Netaji Bose spoke next and reviewed India’s struggle for liberation and his own role in it. He narrated how he had been imprisoned — and finally managed to escape — India in his determination to seek outside help in the struggle against the British. 

Subhas Chandra Bose speaking at the Greater East Asia Conference in Tokyo, November 1943 (public domain).

Rousing Asian Nationalism

Bose thanked nations of Greater East Asia for their sympathy and support. He additionally cited the precedents of Buddhist and Pan-Asian ties, referring then to Japan’s leading role by saying:

This is not the first time that the world has turned to the East for light and guidance…. I believe that history has ordained that in the creation of a new, free, and prosperous East, the government and people of Nippon should play a leading role. The role for the government and the people of Nippon was carved out by history as early as 1905 when, for the first time, an Asiatic nation stood up to resist Western aggression…. The establishment of the Greater East Asia Co-Prosperity Sphere will pave the way towards a Pan-Asiatic Federation.

The fate of all Asia was interlinked, and India’s fate was linked with Japan’s, Bose reiterated. This was the opportunity India had been awaiting, and it might not come again for another thousand years. 

Assured of Japanese support, Bose concluded, “We shall go to battle fully confident that the day of our salvation is at hand.” 

The delegates at the Greater East Asia Conference issued the Greater East Asia Declaration on November 1943, condemning Anglo-Saxon domination and calling for the restoration of Asia to Asiatics. Asia was to rise, creating a new East Asia of sovereign and independent countries while condemning race prejudice.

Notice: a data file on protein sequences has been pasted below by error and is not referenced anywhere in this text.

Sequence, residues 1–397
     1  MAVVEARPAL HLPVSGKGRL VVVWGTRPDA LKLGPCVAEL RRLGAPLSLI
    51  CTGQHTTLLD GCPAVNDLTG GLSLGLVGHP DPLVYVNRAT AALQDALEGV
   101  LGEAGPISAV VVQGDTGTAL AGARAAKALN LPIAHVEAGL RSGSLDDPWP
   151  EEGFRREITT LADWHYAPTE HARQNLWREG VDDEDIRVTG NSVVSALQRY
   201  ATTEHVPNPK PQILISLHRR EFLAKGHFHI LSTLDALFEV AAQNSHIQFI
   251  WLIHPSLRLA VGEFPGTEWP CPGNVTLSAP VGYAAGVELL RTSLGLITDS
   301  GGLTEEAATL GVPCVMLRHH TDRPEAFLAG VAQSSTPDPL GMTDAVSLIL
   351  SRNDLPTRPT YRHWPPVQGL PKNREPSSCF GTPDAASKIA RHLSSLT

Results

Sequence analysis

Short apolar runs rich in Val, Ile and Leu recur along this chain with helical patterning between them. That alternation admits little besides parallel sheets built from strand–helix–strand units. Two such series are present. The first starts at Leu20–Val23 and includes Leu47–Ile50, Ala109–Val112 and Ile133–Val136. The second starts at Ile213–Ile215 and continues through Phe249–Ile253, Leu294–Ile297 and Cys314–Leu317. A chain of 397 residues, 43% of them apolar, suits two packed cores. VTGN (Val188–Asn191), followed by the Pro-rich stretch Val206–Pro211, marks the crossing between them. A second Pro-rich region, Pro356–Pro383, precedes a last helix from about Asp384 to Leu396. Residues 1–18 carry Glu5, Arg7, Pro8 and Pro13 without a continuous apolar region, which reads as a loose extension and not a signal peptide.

A Year Later

In his third and what was to become his final visit to Tokyo, Netaji Bose arrived on October 31, 1944, in what was interpreted as the preparation for a new India offensive. He was welcomed by Lt. Gen. Saburo Isoda, head of the Japanese-INA liaison organization Hikari Kikan, Shigemitsu, and a delegation of representatives of the Indian Independence League

On his first day of arrival in Tokyo, Bose called on Japan’s new prime minister, Kuniaki Koiso (1944-1945), who hosted a state dinner for Bose and reaffirmed Japan’s pledge to aid the cause of Indian independence. This renewed his predecessor Prime Minister Tōjō’s promises that Japan sought no territorial, economic, or military gains from India. 

Notably, Koiso ended his toast at dinner by stating that Japan was repaying an ancient cultural debt to India.

Continues in Part 5


Author: Dr. Monika Chansoria

Dr. Monika Chansoria is a senior fellow at The Japan Institute of International Affairs in Tokyo. The views expressed here are those of the author and do not necessarily reflect the policy or position of the JIIA or any other organization with which the author is affiliated. She tweets @MonikaChansoria. Find other articles by Dr. Chansoria here on JAPAN Forward.